The Role of the Workforce in Access to Oral Health Care
By David Krol, MD, MPH, FAAP, Robert Wood Johnson Foundation Human Capital Portfolio Team Director and Senior Program Officer
For many Americans, a visit to the dentist is a rarity—not by choice, but because their health plans don’t cover dental care, they can’t afford it, or because there is no dentist anywhere near where they live or work. If you’re on Medicare, you know that dental isn’t covered. If you’re part of the VA system, you know that dental benefits are treated differently. If you’re an adult on Medicaid or serve adult patients who are on Medicaid, you know the chances are slim that there’s great coverage for dental care, unless you are lucky to be in a state that still covers it. Why does this happen and what can result?
A study recently released by the Pew Center on the States offers startling data on the scope of the problem and its consequences. In 2009, some 830,000 Americans visited an emergency department for a preventable dental condition. It should be obvious that the emergency department isn’t the best place to seek dental care. The same year, 56 percent of Medicaid-enrolled children got no dental care whatsoever, not even a routine exam. That’s no care even with insurance for it!
Those numbers are alarming for many reasons, but mostly because they reveal a significant public health challenge confronting the nation: Many Americans simply aren’t getting the oral care they need, at any age, including the basic preventive services and education that can detect oral disease in early stages. They are putting their health at risk, and increasing the strain on an already-overwhelmed health care system.
Over the past two months, oral health has received a lot of press. I mentioned the Pew report above. A recent New York Times article pointed out the challenges for some kids. The NBC Nightly News picked up on the story. Water fluoridation, one of the 10 great public health achievements of the 20th century, is also back in the news as New Jersey tries to improve its terrible water fluoridation rate. See stories here and here.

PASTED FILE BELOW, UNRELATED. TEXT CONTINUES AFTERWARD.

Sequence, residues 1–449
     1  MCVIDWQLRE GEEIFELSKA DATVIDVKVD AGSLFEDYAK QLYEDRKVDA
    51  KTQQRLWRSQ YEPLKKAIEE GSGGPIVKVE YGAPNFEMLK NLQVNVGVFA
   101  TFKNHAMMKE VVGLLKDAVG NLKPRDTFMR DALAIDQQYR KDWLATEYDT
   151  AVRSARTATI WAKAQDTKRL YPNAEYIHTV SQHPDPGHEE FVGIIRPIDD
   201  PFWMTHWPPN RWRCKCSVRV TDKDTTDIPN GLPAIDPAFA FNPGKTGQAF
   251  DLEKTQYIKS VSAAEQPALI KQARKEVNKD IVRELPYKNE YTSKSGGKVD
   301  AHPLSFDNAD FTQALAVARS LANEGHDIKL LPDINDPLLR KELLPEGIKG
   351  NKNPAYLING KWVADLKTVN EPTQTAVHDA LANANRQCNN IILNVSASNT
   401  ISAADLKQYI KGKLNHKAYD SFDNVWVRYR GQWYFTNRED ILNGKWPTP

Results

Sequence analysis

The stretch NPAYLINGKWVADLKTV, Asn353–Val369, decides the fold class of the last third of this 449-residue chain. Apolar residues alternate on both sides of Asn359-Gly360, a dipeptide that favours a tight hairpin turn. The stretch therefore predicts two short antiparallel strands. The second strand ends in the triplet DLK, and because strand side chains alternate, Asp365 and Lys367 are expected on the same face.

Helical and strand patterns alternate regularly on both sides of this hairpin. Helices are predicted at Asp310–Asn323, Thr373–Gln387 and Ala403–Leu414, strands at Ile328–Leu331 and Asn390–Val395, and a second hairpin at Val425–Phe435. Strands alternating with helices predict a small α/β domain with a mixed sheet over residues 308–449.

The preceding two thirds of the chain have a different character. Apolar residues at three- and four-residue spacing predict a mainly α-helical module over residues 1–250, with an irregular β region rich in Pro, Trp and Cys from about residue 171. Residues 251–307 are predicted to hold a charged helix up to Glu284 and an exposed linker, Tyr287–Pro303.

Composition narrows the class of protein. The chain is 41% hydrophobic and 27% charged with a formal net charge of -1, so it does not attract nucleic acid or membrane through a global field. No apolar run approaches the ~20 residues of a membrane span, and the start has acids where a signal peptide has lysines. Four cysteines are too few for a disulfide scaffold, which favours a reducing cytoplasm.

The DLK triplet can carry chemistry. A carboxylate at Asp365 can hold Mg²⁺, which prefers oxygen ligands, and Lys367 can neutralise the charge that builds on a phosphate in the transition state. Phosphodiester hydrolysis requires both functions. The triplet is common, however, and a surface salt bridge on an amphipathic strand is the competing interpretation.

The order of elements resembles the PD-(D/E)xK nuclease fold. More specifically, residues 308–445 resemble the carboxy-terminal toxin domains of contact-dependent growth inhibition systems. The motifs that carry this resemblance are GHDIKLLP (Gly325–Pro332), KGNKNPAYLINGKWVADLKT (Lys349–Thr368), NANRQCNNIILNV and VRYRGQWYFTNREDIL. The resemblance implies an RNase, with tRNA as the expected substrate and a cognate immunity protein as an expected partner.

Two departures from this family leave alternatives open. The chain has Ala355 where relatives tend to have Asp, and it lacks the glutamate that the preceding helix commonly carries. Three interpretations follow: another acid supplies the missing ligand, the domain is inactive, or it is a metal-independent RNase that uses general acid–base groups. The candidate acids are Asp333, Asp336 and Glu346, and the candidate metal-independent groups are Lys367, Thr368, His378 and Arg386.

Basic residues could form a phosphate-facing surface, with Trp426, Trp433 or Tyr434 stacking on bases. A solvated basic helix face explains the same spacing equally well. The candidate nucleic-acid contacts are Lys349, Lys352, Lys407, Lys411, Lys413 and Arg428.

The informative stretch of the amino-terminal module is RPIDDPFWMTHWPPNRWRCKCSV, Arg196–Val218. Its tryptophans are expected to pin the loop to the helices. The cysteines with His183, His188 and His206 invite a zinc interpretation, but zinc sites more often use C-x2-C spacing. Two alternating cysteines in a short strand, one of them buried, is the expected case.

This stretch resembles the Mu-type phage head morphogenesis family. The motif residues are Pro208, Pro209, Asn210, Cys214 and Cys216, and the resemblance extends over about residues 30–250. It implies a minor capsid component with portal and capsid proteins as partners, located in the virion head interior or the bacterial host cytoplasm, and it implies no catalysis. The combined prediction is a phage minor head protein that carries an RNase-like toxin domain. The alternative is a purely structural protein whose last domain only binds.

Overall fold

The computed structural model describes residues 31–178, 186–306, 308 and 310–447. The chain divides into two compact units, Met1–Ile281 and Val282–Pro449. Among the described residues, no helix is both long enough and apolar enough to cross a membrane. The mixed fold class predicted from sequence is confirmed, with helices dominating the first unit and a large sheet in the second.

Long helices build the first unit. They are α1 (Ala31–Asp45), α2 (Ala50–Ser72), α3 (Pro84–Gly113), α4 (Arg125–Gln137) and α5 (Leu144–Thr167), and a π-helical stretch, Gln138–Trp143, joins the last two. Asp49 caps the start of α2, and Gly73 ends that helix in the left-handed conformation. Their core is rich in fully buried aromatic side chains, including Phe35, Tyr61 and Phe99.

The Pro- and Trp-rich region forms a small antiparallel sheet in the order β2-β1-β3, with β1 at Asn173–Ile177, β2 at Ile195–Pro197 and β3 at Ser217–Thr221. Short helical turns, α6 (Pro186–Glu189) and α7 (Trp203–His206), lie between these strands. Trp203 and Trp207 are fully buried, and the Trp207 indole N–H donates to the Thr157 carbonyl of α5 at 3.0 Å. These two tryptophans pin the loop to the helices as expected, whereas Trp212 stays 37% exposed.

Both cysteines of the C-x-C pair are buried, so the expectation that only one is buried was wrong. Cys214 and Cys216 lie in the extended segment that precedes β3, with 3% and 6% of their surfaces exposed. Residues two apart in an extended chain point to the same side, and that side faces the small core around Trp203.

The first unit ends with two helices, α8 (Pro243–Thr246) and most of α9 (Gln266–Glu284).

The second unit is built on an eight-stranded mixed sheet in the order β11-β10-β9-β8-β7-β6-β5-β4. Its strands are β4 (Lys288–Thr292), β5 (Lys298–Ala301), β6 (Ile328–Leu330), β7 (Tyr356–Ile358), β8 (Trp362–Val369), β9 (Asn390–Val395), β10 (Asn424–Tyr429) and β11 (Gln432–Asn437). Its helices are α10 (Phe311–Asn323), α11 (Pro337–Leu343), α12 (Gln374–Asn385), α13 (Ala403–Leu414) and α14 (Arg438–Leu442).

The challenges of access to oral health care are many and there is definitely not one solution. The July 2011 Institute of Medicine report, “Improving Access to Oral Health Care for Vulnerable and Underserved Populations,” said as much and more. One area where access to care might be improved is with the oral health workforce.
For both preventive oral health services as well as dental treatment, making sure we have enough providers, producing providers who are capable of and competent in delivering services, and developing a workforce that is used as efficiently and effectively as possible are important parts of the solution.
Of course, the Robert Wood Johnson Foundation (RWJF) has a longstanding commitment to increasing Americans’ access to health care services, including oral health care. That's why RWJF recently launched a new Oral Health Workforce initiative aimed at identifying promising and innovative workforce practices that will increase Americans’ access to preventive oral health services.
A health care workforce ready to meet the population’s needs is essential to improving oral care, and we are looking for novel, replicable models that make the best use of the health and health care workforce to provide preventive oral health services. The projects we're looking for might utilize dental or non-dental providers in any of a variety of settings:
• Dental providers in non-dental settings, including WIC, Head Start, classrooms, congregate meal sites, public health and social services centers.
• Non-dental providers in non-dental settings, including physicians, nurse practitioners, physician assistants, nurses, nutritionists, childcare and outreach workers, and others. Such programs might train care providers to prompt, assist or perform oral health prevention services.
• New types of dental professionals trained to provide preventive services, including, for example, aides, health coordinators, advanced dental hygiene practitioners, dental health therapists or other professionals.
• Dental providers focused on prevention of oral health diseases, including care models focused on preventive services in their practice.
After a review by an expert panel, up to 25 of the nominated projects will be selected for the next phase of consideration: an assessment of whether the practice is suitable for a formal evaluation of its effectiveness and methods. The eventual result, we hope and expect, will be a number of thoroughly evaluated, evidence-based innovations that can be disseminated and replicated around the nation.
We’re confident that great ideas are percolating out there, and we want to hear about them. We can—and must—take action to improve the country’s oral health so that everyone, no matter their income or where they live, has access to the kind of basic care many Americans take for granted.
If you know of a program or practice that you think might be suitable, please let us know!